First released on the Xbox 360 earlier this year as part of Microsoft's Summer of Arcade promotion, From Dust received a positive reception from critics and consumers alike. A month later, when the same game debuted on the PC, it was criticized for poor performance and onerous DRM restrictions. Consumer outrage was so great that Steam even took the unusual step of refunding unhappy purchasers. Now, Eric Chahi's "god game" has made its way to PSN, and we took it for a spin to see how it fared in the transition.
Spread across 13 levels, From Dust chronicles the story of a nomadic tribe that is attempting to follow the path of its ancestors as it explores the world in a search for eternal sanctuary. The tribe doesn't have much in the way of technology, but what it does have is access to "the breath." That's where you come in. The breath is a floating sphere that allows you to interact with the world in a limited fashion. You can pick up and manipulate earth, water and fire (lava) as well as various plants with the breath. The ultimate goal is to provide safe passage for your tribe.
Because of the limited nature of the breath, each level in From Dust plays out more like a puzzle than a traditional strategy game. Your tribe never has to worry about resources, there is no production queue and none of the creatures in the world can harm you. The only danger your tribe faces is from the world itself. Fire can burn them, and water can drown them.
What makes From Dust so appealing is the physics engine that powers the world. Although each map always starts off the same, there is no guarantee that it will play out the same. In fact, simply replaying the game can easily result in wildly different layouts at the end of each level. Why? Because nature never stops working.
Water is the most prominent force of nature in the game, with rivers both eroding existing land as well as depositing soil to create large deltas. Periodic tsunamis can level a village in an instant if you don't have protection. Fire is also a concern, with ground vegetation doubling as kindling. One small burn can quickly turn into a raging fire that consumes the closest town. Lava is both a blessing and a curse. Left unchecked, it can destroy just as quickly as a tsunami, but as a tool, it allows you to create rock walls that don't erode.
In addition to manipulating nature, you also gain a handful of specific powers as your tribe progresses through the game. These powers are designed to aid in your manipulation of nature, though they only act in an indirect nature. For example, one power is evaporate, which temporarily increases the temperature and causes standing water to disappear. Another gives you a time-limited ability to generate as much earth as you want, while still another grants the power to turn water into jelly — giving you the ability to part the seas for your followers.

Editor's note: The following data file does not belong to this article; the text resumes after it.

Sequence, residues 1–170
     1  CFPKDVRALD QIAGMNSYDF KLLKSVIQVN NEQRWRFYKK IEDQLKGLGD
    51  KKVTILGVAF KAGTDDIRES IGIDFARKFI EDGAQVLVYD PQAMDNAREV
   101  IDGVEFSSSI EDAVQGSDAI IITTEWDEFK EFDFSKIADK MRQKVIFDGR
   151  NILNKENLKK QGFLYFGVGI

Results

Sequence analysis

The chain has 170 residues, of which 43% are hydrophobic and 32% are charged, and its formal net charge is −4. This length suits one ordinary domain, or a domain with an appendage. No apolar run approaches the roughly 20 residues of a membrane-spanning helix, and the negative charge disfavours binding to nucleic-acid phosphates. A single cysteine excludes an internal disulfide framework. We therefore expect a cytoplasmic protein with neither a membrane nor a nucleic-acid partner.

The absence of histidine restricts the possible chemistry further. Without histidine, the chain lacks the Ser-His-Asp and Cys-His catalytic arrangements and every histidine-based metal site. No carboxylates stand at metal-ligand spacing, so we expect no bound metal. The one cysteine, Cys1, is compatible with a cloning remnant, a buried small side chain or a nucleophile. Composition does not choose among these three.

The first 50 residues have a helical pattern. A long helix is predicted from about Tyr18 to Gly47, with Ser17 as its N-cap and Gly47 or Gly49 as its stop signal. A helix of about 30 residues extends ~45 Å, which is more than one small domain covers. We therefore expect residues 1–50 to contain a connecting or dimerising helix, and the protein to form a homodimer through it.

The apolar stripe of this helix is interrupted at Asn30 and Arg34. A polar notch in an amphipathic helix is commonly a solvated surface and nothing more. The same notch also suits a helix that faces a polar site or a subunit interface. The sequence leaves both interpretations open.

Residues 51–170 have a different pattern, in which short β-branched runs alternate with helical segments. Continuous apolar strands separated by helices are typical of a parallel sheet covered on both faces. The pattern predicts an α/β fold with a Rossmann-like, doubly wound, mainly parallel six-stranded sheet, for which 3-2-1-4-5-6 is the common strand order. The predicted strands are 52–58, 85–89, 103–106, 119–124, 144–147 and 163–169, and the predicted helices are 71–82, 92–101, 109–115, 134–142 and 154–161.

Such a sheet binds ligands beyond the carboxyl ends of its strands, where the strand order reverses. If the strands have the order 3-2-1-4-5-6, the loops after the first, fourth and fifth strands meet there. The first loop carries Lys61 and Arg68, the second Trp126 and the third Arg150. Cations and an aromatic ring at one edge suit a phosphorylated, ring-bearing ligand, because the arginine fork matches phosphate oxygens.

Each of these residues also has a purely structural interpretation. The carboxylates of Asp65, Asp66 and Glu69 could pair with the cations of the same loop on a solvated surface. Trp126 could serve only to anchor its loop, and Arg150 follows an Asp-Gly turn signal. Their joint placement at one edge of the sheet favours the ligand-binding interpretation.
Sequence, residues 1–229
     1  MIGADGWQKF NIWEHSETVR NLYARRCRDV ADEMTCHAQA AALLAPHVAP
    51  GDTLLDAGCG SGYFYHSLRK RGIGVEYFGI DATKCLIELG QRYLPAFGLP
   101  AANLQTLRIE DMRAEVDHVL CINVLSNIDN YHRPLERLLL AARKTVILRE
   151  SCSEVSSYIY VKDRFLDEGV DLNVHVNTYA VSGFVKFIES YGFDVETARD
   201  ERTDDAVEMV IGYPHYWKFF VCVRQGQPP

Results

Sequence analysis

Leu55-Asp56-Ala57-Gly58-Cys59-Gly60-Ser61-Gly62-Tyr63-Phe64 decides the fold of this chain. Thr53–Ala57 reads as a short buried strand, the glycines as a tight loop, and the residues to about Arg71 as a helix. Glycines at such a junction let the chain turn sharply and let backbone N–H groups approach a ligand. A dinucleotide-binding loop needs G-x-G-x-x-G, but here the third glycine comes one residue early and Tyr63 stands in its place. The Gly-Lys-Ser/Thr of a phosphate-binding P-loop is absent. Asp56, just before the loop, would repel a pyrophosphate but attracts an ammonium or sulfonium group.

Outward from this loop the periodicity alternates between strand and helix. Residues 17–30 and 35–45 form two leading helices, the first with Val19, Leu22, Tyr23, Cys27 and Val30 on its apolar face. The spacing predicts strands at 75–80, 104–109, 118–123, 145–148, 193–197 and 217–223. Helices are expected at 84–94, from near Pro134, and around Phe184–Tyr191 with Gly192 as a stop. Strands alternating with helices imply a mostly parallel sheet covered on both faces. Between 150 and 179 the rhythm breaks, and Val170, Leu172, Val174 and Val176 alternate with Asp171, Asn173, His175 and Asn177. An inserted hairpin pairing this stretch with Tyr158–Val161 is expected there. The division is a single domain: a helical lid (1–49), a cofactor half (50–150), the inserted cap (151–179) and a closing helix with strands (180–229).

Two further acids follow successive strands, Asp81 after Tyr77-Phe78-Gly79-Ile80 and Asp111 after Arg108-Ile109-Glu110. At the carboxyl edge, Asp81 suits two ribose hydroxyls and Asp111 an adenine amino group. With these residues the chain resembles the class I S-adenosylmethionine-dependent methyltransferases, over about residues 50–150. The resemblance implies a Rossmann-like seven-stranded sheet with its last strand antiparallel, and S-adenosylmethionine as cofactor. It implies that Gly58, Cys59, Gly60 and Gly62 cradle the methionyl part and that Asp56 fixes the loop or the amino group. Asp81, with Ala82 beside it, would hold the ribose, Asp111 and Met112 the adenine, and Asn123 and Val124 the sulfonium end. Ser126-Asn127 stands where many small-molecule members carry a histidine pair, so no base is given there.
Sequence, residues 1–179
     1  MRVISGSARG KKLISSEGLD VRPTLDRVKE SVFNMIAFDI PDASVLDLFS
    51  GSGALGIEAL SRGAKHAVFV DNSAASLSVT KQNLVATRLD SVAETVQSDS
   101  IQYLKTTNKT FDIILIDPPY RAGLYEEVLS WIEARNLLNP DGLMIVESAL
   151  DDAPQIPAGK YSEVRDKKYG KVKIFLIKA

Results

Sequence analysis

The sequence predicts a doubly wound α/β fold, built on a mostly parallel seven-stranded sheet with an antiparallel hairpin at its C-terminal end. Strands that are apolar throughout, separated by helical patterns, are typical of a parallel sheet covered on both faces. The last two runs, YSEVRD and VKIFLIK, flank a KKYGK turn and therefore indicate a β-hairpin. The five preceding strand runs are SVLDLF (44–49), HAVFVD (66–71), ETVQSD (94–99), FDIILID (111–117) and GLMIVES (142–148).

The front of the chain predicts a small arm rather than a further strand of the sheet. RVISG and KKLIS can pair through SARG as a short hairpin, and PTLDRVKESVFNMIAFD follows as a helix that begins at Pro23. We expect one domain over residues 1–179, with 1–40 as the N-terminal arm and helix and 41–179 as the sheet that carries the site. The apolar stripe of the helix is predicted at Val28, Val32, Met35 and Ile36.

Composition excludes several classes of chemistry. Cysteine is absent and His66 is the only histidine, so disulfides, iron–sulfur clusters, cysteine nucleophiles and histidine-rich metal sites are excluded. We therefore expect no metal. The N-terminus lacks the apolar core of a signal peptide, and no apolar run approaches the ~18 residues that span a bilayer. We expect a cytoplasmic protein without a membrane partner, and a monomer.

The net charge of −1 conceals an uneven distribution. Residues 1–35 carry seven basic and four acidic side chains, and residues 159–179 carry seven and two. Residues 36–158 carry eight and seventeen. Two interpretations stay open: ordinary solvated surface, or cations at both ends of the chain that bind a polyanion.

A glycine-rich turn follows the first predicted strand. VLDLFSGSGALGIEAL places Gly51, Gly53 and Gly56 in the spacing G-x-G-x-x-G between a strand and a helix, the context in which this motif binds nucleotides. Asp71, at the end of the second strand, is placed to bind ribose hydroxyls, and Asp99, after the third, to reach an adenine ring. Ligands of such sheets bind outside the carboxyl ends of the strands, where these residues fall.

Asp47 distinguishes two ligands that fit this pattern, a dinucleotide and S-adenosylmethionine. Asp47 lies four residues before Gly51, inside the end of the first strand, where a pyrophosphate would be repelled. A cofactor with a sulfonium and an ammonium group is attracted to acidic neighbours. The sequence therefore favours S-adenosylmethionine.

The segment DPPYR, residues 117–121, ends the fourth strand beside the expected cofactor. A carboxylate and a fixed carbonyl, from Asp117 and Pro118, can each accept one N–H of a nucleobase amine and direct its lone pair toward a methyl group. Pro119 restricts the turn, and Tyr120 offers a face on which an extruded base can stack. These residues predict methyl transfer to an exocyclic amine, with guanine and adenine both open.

With all of the flexibility offered by the engine, the one thing missing from From Dust is a true sandbox mode. While you can always return to a completed level to manipulate it, only the very last level gives you full access to your powers. To compensate, From Dust does offer a fairly robust challenge mode. Challenge mode consists of 30 different levels, each of which tasks you with completing a specific objective as quickly as possible. You're fighting nature as well as the clock.
Given that the PlayStation 3 version of From Dust is a faithful port of the Xbox 360 original, it also suffers from the same drawbacks of that version. The precision of the controller is still an issue, with the DualShock 3 feeling just as imprecise as the Xbox 360 controller on the later levels. We were hoping that Ubisoft would have used the additional development time to improve this aspect of the game. Alas, that's not the case.
The other noticeable issue with From Dust is the pathfinding intelligence of your tribe members. At times, it can be pretty poor. When ordering tribe members to a location, it is impossible to pick and choose who is to be sent, and the AI doesn't always choose the closest person. It almost seems as if it chooses at random. It is also impossible to split your tribe across two goals. This is true even if you have more than enough men to do so.
While frustrating in the moment, none of the issues in From Dust really detract from the overall game. Sure, your tribe members may have a horrible sense of direction, but in the end, figuring out how to keep them all alive is where the enjoyment really lies.
Compared to the Xbox 360 iteration, the PS3 version of From Dust is nearly identical, with only some very minor graphical issues giving the Xbox 360 version the edge. Doing an A/B comparison on the same monitor, images and text in the PS3 were softer, though aliasing was still present along with occasional screen tearing on fast-moving sequences.
If you have both systems, snag the XBLA version of From Dust. If you're solely a PS3 gamer, then don't hesitate. With freeform gameplay and an enchanting visual style, From Dust is well worth the asking price of $15.
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